Back when Nintendo decided to use “Nintendo Land” as its premier software to demonstrate the Wii U at this year’s E3 many industry watchers were underwhelmed. In fact, I was pretty scathing in my criticism of Nintendo’s decision to concentrate the majority of its time on the game saying that “it would do a fifteen minute presentation of some silly game called ‘Nintendo Land'” if it wanted to turn people off to its brand new system.
Now that I had a chance to play “Nintendo Land” I’ll temper my earlier statement just a tad. The retail price for “Nintendo Land” is $59.99 but Wii U Deluxe Set buyers got the game as part of their package. The premise of the game is simple enough: Nintendo has created a virtual theme park that features some of its most beloved characters as well as some different attractions for players to experience with their customized or preloaded Miis.
Minigames are based on fan favorites such as “Super Mario Bros.”, “The Legend of Zelda”, “F-Zero” and “Metroid” to name a few. There are over twelve minigames to choose from, but depending on the number of players some games will not be available. The “Super Mario Bros.” minigame is strictly multiplayer so single players shouldn’t bother, but the single player games such as the “F-Zero” racing game are fun to play.
The objectives of the minigames all center around the Gamepad. Surprisingly “Nintendo Land” surprisingly makes good use of the Gamepad’s screen. For instance, in the “The Legend of Zelda” minigame you have to use the Gamepad’s screen to look around while the right analog stick is for aiming and shooting. In another minigame, “Donkey Kong: Crash Course” you use the Gamepad to steer your barrel kart through an obstacle course. Playing with the Gamepad is surprisingly fun and it would be hard to want to play “Nintendo Land” with a Wii Remote. This likely means that some players are going to be fighting over who gets the Gamepad and who takes Wii Remote.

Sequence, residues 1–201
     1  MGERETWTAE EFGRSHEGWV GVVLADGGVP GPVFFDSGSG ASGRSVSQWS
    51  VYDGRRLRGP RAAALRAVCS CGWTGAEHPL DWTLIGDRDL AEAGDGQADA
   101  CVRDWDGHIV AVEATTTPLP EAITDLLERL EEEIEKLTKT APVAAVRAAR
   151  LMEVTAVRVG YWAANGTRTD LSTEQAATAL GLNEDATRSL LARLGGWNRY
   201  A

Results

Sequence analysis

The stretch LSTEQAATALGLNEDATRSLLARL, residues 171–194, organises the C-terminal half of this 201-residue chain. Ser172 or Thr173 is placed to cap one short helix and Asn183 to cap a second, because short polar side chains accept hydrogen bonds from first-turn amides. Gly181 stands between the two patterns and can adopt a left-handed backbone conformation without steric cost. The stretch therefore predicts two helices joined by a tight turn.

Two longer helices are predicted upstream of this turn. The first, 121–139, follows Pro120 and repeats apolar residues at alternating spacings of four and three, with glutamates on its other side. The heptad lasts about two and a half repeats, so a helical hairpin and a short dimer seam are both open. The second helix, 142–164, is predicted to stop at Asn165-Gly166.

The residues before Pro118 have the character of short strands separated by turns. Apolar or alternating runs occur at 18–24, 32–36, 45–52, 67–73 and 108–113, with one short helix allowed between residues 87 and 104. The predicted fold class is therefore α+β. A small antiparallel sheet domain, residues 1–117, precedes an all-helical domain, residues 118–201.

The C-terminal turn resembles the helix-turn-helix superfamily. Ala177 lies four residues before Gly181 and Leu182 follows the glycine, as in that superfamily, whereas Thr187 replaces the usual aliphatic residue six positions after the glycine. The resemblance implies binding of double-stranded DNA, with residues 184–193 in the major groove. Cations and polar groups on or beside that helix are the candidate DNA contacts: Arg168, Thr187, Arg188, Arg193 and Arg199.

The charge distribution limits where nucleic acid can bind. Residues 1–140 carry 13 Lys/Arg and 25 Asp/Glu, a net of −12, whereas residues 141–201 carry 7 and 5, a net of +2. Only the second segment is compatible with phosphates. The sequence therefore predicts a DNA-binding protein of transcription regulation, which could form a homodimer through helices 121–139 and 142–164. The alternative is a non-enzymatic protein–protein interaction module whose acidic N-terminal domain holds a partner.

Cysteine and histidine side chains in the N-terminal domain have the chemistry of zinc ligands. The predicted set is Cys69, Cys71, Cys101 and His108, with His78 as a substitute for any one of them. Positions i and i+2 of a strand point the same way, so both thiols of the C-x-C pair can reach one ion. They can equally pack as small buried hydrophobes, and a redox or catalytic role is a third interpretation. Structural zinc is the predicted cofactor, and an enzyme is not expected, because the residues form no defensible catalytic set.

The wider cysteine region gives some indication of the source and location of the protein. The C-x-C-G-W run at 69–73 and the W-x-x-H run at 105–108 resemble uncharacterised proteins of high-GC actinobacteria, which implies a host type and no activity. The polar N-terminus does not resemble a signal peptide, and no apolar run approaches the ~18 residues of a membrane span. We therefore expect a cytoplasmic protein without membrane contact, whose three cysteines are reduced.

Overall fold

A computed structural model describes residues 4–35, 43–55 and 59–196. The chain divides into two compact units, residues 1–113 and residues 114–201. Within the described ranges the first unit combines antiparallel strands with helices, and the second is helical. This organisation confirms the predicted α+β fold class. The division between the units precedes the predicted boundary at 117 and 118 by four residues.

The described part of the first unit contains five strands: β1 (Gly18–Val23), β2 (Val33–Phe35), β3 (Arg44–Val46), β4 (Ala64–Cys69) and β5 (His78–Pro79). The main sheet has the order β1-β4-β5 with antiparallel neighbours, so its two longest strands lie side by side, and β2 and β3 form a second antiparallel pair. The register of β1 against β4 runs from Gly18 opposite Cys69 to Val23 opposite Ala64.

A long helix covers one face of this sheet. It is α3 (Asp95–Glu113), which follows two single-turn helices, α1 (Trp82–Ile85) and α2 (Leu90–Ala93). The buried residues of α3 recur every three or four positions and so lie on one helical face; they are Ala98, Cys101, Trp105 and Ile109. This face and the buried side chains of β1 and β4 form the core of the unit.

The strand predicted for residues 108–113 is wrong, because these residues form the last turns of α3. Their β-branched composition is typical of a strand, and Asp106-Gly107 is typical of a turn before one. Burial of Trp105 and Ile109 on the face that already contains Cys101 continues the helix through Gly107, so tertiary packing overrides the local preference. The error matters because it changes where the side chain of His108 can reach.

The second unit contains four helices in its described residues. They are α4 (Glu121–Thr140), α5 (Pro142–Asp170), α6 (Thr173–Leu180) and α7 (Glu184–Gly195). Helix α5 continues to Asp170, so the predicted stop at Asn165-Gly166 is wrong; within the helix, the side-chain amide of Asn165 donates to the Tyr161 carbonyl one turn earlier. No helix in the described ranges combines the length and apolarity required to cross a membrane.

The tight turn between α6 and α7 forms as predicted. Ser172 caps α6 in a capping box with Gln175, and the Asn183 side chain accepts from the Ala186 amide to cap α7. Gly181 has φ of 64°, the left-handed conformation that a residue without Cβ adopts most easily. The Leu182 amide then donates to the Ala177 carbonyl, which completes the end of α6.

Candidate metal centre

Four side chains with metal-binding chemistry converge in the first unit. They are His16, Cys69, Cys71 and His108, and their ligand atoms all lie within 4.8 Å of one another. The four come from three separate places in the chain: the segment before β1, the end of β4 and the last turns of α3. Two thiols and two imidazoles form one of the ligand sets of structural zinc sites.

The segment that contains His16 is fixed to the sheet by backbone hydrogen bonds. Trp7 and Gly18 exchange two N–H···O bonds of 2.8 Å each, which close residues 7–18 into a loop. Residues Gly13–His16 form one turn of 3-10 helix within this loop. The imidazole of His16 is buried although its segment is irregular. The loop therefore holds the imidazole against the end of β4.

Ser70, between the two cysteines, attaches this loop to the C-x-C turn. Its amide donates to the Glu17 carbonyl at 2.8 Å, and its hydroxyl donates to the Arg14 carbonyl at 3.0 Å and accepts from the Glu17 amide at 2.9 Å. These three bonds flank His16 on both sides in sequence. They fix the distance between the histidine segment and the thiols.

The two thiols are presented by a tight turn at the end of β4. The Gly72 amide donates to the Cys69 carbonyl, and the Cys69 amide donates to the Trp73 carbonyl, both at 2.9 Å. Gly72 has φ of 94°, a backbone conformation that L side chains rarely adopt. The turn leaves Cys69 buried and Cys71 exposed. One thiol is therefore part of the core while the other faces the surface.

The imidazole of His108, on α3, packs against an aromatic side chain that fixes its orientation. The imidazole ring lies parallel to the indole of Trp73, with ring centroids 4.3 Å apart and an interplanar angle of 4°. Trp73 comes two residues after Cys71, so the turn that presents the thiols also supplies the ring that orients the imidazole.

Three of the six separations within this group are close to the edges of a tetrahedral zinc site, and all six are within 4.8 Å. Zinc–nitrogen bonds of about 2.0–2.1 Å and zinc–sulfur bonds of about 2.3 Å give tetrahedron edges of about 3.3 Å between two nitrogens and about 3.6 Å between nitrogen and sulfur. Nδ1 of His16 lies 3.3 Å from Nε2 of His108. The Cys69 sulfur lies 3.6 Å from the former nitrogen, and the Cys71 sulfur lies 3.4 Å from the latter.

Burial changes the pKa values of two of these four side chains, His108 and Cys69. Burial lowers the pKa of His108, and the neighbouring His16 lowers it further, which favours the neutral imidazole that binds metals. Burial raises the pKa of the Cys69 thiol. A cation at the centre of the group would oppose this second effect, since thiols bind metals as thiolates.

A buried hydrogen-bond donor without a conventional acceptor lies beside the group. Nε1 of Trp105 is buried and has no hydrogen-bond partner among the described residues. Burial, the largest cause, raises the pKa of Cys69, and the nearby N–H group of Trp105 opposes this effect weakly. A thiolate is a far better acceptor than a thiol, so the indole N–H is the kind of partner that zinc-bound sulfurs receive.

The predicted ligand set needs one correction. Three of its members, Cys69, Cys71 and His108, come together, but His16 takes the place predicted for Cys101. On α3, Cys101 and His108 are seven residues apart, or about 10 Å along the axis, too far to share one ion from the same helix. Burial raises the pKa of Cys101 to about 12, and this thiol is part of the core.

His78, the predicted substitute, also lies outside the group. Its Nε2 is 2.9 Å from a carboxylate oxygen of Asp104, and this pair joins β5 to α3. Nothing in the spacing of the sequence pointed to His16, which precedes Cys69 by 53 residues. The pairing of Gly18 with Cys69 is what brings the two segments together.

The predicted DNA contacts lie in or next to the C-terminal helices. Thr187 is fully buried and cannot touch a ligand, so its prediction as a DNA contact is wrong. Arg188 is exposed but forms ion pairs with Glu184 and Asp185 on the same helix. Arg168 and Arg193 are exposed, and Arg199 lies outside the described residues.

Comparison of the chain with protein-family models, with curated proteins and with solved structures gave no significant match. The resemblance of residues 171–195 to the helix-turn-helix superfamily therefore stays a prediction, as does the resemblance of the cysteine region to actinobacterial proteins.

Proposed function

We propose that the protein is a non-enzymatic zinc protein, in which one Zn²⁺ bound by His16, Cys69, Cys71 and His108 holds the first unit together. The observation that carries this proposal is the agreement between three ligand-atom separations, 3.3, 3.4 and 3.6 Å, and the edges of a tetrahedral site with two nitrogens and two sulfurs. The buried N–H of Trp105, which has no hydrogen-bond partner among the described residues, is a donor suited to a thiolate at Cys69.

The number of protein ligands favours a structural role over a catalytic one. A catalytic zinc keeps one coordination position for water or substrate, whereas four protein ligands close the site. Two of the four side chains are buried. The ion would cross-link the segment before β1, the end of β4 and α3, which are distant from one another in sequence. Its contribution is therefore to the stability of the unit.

Playing the minigames will earn you Nintendo Land Coins which can then be used to play a pachinko minigame to win a variety of upgrades to your theme park. As your theme park grows preloaded and user created Miis will begin to visit your park. Think of this feature as “Sim City” light, heavy on the light.
Graphically and musically the game is really nothing to write home about. The graphics are about what you would expect for a first generation title that is included with a system for free. There are familiar tunes that people will recognize such as the “Super Mario Bros” and “Legend of Zelda” themes but for the most part “Nintendo Land’s” music and sounds are grating on the ears.
So is “Nintendo Land” going to turn away buyers from the Wii U? I would hope not because as I mentioned in my review of the Wii U the console is an impressive piece of hardware. That being said, “Nintendo Land” is fun for a few hours but I can’t see anyone really investing a lot of time in the game to make their theme park look the best so that Miis from around the virtual world to come and visit. “Nintendo Land” can be fun with more people but even after a while boredom will quickly set in. Including the game with the Wii U Deluxe Set was a wise move on Nintendo’s part but for Basic Set owners I wouldn’t be surprised if they decided to use their $59.99 to buy another game.